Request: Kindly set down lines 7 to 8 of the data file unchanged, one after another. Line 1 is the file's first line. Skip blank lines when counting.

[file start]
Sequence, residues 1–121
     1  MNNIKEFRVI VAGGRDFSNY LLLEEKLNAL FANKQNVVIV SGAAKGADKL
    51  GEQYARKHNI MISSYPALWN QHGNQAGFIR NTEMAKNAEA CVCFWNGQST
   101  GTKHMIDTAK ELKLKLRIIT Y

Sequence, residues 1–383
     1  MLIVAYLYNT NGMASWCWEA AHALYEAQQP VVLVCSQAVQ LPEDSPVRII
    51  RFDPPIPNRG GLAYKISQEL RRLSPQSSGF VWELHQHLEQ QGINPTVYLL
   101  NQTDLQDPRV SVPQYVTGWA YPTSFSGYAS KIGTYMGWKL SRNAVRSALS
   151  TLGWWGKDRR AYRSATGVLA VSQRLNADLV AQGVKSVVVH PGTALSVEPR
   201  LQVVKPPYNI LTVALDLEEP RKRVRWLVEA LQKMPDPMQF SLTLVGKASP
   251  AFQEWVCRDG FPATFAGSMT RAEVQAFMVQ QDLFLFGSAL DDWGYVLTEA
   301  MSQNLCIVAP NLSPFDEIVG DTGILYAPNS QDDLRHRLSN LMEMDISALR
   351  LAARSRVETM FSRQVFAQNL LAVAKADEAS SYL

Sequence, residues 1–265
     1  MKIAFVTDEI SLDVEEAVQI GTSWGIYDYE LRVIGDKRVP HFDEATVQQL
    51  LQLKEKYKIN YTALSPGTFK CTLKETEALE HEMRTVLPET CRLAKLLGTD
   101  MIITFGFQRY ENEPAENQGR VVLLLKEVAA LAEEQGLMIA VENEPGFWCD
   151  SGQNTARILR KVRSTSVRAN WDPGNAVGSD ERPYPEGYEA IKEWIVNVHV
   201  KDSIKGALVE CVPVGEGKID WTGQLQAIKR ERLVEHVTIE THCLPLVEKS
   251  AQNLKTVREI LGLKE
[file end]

    51  RFDPPIPNRG GLAYKISQEL RRLSPQSSGF VWELHQHLEQ QGINPTVYLL
   101  NQTDLQDPRV SVPQYVTGWA YPTSFSGYAS KIGTYMGWKL SRNAVRSALS